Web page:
After looking around for an hour or so, I took a couple short hikes in the park. I crossed paths with a woman who was just gushing about how beautiful it was here. All I could do was agree. I spent some time with a couple of very large individual trees I had not seen before. Then the feeling came over me that it was time to leave and go home, so I did...

Monday, May 25, 2015

Forest Exploration


I spent the Sunday of this Memorial Day Weekend exploring another section of forest I've never been to. Just feel completely humbled and honored to finally possess the skill set and comfort level to see spots with my own eyes that I never dreamed I'd be able to. Just a grueling day though. There were times when I felt like was practically drowning in the forest, on my hands and knees crawling from spot to spot. Wouldn't have it any other way though.

On a side note, I took my blog out of the public sphere once again. Feeling a little disillusioned with social media these days, pros and cons to everything I suppose. I'm toying with the idea of using this blog more as a personal trail journal until I finish the AT if I am able. Then it will feel more complete in my mind anyway, and maybe start another blog with less sensitive information on it. Just two more weeks to go before I hit the road. I'm really, really going to miss this forest, but also looking forward to travel once again...

Monday, May 4, 2015

Best is Yet to Come

Big ol' redwood with what appears to be a  small western hemlock growing off it.
Spent a great, although exhausting Sunday, looking around another section of forest I've never been to. Personally, it was a significant one. The realization hit home hard once again, that as far as the redwood journey is concerned, the best is still yet to come, and that is very exciting. The realization also hit home, that the best is going to have to wait, as it's now one month until I hit the road for the East Coast to begin a southbound thru hike of the Appalachian Trail.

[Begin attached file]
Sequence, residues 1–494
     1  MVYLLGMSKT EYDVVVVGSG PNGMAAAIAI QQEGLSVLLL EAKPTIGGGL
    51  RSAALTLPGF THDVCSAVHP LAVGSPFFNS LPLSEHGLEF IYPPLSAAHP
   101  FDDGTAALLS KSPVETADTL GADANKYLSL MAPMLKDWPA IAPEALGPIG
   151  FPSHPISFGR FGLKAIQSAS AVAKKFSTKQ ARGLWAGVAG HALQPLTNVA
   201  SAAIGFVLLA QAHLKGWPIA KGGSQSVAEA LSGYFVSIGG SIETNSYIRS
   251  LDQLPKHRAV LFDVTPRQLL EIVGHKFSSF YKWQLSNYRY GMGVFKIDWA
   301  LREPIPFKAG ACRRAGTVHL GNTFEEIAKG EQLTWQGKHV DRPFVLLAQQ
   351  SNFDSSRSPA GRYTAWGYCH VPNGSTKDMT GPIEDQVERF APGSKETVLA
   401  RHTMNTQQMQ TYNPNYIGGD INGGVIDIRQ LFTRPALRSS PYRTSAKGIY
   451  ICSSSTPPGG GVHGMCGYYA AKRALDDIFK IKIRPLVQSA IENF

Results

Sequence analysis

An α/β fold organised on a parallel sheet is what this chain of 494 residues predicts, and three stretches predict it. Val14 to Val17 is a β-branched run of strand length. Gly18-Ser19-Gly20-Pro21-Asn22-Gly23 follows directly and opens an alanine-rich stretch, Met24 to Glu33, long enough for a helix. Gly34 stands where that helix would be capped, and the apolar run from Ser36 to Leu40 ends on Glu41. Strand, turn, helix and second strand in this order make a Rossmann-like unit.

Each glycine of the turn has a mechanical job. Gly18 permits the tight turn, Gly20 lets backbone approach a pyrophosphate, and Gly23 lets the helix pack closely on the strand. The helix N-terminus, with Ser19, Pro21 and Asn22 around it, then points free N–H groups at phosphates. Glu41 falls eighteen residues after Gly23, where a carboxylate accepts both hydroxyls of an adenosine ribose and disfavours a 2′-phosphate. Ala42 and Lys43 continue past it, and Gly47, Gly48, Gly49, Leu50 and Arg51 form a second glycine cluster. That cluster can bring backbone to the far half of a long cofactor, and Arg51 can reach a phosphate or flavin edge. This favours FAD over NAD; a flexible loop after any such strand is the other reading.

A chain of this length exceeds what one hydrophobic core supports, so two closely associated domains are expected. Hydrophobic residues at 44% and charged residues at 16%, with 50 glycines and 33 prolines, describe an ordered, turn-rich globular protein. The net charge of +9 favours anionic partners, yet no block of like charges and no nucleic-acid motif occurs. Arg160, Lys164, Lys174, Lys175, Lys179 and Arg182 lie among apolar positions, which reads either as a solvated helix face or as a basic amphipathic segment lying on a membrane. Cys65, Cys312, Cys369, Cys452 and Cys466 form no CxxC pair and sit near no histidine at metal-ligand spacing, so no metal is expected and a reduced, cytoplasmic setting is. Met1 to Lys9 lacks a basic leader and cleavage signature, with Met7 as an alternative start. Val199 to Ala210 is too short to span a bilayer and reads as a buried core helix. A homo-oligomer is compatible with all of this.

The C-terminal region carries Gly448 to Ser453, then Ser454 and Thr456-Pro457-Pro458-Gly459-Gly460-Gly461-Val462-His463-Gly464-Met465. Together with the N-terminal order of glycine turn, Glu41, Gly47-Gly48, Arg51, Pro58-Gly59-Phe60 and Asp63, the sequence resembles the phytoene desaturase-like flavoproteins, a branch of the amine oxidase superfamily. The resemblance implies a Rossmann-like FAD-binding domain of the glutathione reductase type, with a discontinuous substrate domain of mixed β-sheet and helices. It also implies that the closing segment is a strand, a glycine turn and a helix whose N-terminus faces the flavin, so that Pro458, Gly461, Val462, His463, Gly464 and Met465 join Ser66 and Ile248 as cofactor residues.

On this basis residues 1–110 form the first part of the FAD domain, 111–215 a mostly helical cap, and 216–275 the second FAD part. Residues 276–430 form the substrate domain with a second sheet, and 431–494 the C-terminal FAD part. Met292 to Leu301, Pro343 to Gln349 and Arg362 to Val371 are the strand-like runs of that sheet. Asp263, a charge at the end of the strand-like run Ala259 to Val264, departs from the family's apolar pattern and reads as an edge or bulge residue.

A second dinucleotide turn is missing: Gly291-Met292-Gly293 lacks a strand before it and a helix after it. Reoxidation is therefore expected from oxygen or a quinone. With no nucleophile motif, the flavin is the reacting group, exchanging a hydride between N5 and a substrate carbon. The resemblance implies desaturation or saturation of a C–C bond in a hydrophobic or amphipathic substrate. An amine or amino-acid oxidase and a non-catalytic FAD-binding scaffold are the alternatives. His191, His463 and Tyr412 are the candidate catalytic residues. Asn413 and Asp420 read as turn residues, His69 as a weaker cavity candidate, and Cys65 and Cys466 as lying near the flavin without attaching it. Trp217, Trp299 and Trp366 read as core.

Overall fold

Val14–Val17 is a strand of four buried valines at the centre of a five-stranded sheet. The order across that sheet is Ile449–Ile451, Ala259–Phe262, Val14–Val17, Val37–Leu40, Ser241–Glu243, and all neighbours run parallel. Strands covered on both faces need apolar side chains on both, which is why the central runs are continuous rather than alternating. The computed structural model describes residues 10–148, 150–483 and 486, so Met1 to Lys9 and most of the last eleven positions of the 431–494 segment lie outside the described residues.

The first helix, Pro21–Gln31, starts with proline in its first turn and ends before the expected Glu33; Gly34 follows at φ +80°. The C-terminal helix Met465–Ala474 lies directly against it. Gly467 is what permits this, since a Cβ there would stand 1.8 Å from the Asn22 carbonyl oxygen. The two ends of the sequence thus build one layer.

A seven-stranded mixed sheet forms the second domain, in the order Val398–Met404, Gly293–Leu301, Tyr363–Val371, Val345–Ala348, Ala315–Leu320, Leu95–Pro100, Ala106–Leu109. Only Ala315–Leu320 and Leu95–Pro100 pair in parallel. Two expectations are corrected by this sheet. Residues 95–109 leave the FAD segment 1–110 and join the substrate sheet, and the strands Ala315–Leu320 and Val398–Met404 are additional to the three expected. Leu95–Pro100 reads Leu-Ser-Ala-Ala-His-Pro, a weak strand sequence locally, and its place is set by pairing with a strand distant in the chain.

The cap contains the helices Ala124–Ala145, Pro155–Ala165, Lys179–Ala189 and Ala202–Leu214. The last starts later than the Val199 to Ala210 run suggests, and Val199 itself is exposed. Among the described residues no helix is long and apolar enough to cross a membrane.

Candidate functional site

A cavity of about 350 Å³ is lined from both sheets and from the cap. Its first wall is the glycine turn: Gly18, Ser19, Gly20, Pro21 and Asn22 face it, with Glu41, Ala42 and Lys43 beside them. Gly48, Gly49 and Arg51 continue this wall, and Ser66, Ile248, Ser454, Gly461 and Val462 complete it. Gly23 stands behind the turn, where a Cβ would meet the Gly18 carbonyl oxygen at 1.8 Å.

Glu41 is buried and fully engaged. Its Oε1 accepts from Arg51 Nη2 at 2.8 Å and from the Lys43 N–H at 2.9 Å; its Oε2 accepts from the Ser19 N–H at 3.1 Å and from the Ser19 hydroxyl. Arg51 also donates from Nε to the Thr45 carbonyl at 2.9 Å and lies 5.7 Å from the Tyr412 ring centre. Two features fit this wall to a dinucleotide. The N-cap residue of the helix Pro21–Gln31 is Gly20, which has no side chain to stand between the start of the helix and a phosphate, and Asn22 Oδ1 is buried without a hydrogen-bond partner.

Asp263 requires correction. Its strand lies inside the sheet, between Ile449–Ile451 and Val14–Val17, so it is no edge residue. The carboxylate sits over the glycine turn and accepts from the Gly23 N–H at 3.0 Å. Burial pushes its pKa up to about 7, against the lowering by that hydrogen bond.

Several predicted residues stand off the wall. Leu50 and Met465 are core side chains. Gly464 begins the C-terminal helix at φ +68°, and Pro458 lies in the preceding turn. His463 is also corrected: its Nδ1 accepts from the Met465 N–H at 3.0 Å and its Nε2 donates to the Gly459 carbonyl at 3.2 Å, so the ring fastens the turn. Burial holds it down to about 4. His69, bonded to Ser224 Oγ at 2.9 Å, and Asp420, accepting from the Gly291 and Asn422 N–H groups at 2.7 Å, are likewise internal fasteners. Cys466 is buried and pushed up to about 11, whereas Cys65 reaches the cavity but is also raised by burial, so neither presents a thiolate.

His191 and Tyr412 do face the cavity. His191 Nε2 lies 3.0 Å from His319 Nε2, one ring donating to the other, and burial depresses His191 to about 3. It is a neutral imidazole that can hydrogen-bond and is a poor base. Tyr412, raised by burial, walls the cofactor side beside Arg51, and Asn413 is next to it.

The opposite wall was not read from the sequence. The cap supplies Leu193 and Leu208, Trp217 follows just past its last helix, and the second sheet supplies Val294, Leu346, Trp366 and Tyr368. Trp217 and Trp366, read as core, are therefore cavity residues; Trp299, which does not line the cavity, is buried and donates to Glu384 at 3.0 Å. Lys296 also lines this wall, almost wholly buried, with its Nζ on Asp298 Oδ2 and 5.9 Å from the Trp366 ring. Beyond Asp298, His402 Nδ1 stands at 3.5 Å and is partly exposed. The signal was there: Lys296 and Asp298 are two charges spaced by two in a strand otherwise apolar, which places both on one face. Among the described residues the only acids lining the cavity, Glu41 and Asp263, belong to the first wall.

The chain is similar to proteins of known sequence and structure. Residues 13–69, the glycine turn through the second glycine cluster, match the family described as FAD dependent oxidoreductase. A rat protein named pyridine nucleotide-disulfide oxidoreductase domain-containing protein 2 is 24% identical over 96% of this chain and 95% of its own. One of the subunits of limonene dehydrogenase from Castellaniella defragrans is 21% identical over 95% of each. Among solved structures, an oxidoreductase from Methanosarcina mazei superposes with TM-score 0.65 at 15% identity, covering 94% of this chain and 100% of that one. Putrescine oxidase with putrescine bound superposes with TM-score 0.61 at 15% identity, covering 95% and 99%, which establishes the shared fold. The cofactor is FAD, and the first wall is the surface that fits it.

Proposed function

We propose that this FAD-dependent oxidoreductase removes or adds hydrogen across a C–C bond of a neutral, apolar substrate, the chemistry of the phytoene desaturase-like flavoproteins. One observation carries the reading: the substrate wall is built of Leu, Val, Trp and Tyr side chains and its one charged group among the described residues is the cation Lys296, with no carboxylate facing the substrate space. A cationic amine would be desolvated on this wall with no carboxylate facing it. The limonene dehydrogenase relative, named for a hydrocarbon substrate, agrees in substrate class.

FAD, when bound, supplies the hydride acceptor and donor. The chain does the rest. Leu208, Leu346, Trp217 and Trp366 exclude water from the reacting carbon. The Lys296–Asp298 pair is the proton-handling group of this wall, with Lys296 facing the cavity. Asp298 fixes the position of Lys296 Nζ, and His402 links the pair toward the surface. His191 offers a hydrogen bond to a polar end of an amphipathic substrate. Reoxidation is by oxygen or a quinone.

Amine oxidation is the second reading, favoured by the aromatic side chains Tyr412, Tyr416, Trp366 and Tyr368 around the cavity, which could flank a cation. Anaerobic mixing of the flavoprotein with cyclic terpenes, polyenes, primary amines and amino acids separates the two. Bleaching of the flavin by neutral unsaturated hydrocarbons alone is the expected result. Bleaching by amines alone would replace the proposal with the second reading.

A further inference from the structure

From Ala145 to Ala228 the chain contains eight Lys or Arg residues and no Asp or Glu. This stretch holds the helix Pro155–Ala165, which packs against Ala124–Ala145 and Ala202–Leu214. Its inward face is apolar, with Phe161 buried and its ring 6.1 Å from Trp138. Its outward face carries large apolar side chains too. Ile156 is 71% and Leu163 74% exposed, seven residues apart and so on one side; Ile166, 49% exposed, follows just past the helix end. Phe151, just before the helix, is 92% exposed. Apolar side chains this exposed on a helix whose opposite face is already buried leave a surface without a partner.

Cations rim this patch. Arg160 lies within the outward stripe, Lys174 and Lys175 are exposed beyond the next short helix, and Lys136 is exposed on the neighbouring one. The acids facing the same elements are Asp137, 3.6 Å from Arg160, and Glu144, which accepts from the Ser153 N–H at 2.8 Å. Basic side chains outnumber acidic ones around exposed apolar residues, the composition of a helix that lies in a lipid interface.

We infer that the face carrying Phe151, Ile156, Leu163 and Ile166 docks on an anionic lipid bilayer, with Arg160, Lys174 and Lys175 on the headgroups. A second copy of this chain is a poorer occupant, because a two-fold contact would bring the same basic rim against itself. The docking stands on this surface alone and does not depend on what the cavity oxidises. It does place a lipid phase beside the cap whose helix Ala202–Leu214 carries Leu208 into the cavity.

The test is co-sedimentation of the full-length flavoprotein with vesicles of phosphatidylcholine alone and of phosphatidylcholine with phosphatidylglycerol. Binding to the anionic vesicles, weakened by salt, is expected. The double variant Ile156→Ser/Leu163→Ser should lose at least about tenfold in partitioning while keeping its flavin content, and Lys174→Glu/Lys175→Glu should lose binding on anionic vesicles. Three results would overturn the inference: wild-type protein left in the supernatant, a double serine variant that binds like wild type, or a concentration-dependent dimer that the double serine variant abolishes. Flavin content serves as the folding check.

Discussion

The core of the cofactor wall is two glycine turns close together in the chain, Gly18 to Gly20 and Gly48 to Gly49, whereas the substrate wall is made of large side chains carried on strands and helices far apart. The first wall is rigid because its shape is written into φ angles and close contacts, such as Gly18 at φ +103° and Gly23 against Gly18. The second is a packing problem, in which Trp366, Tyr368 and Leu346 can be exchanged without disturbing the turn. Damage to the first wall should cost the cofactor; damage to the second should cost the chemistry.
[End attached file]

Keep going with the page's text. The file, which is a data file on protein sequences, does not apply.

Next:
One of the highlights of yesterdays wanderings was finding a freshly eaten, decapitated fish. I know that doesn't sound much like a highlight, but it definitely was the first fish I've ever seen lying on the forest floor. It was lying next to a tree that was particularly striking. I thought maybe I scared off a bear before he finished his morning snack. While taking photos of the tree, I heard high pitched shrieking coming from the canopy. After backing up several hundred feet, I finally could see the top of the tree through a few openings in the forest. There at the top, at least three hundred feet from the forest floor, was a giant osprey nest, with one of the parents perched on a dead reiterated top next to the nest. They must have dropped the fish, or discarded the remains...

Monday, April 27, 2015

Redwood Journey


Spent yesterday slowly exploring a potion of forest I have never been before. I felt like the wealthiest man on the planet...

Friday, April 24, 2015

Founder's Grove


My work commute has allowed me to visit Humboldt Redwoods State Park on a regular basis for the last year and a half. For a long time, I tended to stay away from the Founder's Grove because it always seemed too crowded, and I wanted to see more of the less visited spots.  Over time, I have really begun to appreciate this grove, and do believe it is one of the best in the park. I'll be honest, some of the groves in HRSP can feel creepy for whatever reason. In fact, I was in one yesterday that I have visited several times, and every time I go in there I get a bad feeling. Founder's Grove has never felt that way to me at least. It always seems cheery, welcoming and inviting.